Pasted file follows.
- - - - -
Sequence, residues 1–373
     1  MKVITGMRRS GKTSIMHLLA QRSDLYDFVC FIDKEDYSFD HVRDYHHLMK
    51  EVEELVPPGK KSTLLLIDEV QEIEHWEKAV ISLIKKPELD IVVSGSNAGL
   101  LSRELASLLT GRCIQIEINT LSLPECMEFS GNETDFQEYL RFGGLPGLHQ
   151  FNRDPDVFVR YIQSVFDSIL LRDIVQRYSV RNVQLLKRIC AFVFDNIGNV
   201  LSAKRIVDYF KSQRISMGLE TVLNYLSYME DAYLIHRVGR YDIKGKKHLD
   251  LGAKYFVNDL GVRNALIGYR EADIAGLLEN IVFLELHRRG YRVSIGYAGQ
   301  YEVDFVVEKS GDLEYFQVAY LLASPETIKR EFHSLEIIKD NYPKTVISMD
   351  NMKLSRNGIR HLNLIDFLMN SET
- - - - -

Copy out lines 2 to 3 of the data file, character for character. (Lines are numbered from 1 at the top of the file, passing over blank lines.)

     1  MKVITGMRRS GKTSIMHLLA QRSDLYDFVC FIDKEDYSFD HVRDYHHLMK
    51  EVEELVPPGK KSTLLLIDEV QEIEHWEKAV ISLIKKPELD IVVSGSNAGL